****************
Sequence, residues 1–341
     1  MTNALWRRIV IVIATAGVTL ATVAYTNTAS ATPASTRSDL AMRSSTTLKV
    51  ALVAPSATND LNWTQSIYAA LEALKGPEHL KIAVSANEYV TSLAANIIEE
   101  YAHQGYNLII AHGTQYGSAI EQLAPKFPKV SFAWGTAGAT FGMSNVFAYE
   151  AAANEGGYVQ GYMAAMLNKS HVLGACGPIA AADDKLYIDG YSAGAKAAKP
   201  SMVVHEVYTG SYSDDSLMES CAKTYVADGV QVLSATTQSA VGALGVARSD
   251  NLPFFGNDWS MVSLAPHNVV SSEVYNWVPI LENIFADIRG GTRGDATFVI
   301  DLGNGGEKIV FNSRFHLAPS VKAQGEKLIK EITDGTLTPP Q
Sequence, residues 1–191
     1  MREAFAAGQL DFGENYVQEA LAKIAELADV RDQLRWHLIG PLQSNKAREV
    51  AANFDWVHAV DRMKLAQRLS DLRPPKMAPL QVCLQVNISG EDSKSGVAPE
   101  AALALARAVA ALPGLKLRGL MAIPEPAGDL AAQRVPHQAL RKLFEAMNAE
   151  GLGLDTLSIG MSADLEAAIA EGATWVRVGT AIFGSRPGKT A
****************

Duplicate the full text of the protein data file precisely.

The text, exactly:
Sequence, residues 1–341
     1  MTNALWRRIV IVIATAGVTL ATVAYTNTAS ATPASTRSDL AMRSSTTLKV
    51  ALVAPSATND LNWTQSIYAA LEALKGPEHL KIAVSANEYV TSLAANIIEE
   101  YAHQGYNLII AHGTQYGSAI EQLAPKFPKV SFAWGTAGAT FGMSNVFAYE
   151  AAANEGGYVQ GYMAAMLNKS HVLGACGPIA AADDKLYIDG YSAGAKAAKP
   201  SMVVHEVYTG SYSDDSLMES CAKTYVADGV QVLSATTQSA VGALGVARSD
   251  NLPFFGNDWS MVSLAPHNVV SSEVYNWVPI LENIFADIRG GTRGDATFVI
   301  DLGNGGEKIV FNSRFHLAPS VKAQGEKLIK EITDGTLTPP Q
Sequence, residues 1–191
     1  MREAFAAGQL DFGENYVQEA LAKIAELADV RDQLRWHLIG PLQSNKAREV
    51  AANFDWVHAV DRMKLAQRLS DLRPPKMAPL QVCLQVNISG EDSKSGVAPE
   101  AALALARAVA ALPGLKLRGL MAIPEPAGDL AAQRVPHQAL RKLFEAMNAE
   151  GLGLDTLSIG MSADLEAAIA EGATWVRVGT AIFGSRPGKT A